Anyone who writes about mathematics must confront a single great dilemma: if one writes technically, then the result will be comprehensible only to mathematicians, but if one discards mathematical notation, then the result will be only a facsimile of mathematics —“A kind of poem, good or bad, unrelated to the thing it pretends to describe.” When Simone asked André to explain his research to her, he chose the technical approach. “I understood nothing of your sixteen-page letter (which I read several times),” she later wrote back to him. Olsson chooses the facsimile. “Having forgotten whatever I once knew about complex functions Fourier series field extensions compact surfaces hyperbolic spaces random walks et cetera,” she writes, “I am left with memories of the Science Center at Harvard, a building with a facade like stair-stepped boxes, constructed around the time I was born, in the early seventies.” It’s these memories — the after-images of mathematics, the hazy reflections, the fragments — that Olsson gives us.
André Weil, in his old age, argued that only professional mathematicians should be allowed to write about mathematics. I suspect that he would have little regard for The Weil Conjectures. But I can’t dismiss the book so easily. It seems to me that such a critique misses the point. Yes, Olsson is a novelist, a journalist, not a real mathematician. Yes, one could learn more mathematical theorems by skimming the first chapter of a high-school algebra textbook than by reading the The Weil Conjectures. Yet dismissing her book on these grounds is like dismissing Walden because Thoreau’s narrative doesn’t give a sufficiently detailed account of farming and carpentry.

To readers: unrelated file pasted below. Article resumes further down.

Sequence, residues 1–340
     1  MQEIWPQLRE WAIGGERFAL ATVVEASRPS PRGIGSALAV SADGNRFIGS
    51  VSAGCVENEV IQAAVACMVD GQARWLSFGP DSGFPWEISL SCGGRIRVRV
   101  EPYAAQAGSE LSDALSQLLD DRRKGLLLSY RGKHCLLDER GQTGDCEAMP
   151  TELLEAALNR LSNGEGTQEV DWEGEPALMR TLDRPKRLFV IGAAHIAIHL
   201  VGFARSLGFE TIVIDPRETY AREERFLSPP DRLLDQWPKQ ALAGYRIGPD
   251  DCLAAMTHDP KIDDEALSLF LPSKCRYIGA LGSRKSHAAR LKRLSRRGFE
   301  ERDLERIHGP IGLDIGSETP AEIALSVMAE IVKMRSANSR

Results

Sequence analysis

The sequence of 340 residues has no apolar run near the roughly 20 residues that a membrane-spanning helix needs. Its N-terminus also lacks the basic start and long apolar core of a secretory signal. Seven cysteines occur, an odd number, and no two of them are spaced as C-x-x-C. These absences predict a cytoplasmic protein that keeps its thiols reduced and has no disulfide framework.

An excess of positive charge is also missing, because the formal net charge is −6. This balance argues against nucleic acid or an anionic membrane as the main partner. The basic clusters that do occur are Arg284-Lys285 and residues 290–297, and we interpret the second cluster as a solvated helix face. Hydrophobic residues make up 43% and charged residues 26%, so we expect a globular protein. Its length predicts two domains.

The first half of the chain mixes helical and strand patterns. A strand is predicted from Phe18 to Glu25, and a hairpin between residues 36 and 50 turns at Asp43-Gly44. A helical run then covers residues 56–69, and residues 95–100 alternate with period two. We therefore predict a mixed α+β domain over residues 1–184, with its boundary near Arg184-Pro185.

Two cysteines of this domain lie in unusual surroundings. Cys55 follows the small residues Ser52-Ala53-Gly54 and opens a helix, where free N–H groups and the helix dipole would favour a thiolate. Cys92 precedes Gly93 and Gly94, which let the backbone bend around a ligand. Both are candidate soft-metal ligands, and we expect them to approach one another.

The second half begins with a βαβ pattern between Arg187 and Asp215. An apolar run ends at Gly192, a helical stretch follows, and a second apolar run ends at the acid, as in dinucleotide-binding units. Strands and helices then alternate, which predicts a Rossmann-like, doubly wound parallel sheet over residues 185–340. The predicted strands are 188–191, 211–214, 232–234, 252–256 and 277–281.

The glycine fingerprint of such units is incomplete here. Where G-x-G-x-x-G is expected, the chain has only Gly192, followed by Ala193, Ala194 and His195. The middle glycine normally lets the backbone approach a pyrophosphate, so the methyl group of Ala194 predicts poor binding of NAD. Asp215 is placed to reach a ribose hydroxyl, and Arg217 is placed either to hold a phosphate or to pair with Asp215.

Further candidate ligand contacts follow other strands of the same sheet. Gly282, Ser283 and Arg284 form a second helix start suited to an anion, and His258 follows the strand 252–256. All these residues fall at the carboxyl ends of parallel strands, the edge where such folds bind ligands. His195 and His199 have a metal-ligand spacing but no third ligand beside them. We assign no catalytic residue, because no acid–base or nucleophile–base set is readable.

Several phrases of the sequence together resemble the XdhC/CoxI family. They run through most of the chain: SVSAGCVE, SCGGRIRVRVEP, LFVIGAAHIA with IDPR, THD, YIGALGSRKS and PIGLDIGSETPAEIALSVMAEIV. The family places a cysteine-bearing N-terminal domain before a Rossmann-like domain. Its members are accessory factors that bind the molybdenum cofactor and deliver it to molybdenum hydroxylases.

I’ve heard that some over-credulous readers, inspired by Walden, decided to use it as a handbook for wilderness survival. Such readers were often discovered deep in the woods many months later: cold, half-starved, and rather disillusioned with Thoreau. Anyone who tried to use The Weil Conjectures as a handbook for mathematical research would soon become just as angry with Olsson. Her woods are, to most of us, more foreign and perhaps less hospitable than Thoreau’s. Yet mathematics is, in its way, just as mystical and elusive as anything Thoreau tried to find in nature. “If only we had more access to the untranslated thoughts, to the mystery of how the mind churns,” Olsson writes in one chapter. In another, she continues: “The Weil siblings both undertook to translate into language something beyond words, beyond symbols, in Simone’s case maybe a realm beyond thought itself. I can only follow either of them so far, reading their words and making guesses as to what lay beyond articulation.”
I am drawn to these phrases: beyond symbols, beyond thought, beyond articulation. In my view, they approach the heart of the matter. They describe what Olsson glimpsed at Harvard, what André saw fully but could not communicate to Simone: the untranslated thoughts, the beauty under chalk. But how to express it? How to put it into a book? How, in short, to articulate those things beyond articulation?
No one can fully appreciate the poverty of language until they have endured a transcendent experience. It’s only at this point that writers begin straining with words, wrestling with sentences. They become poets; they invent new words or join together old ones in oxymoronic pairs; they turn to simile and metaphor and allusion, omit punctuation, become incomprehensible. The moments when Olsson strains against words are the moments when she comes closest to expressing that beauty beyond articulation. They’re also the moments when she becomes the most mystical.
Consider the following passage: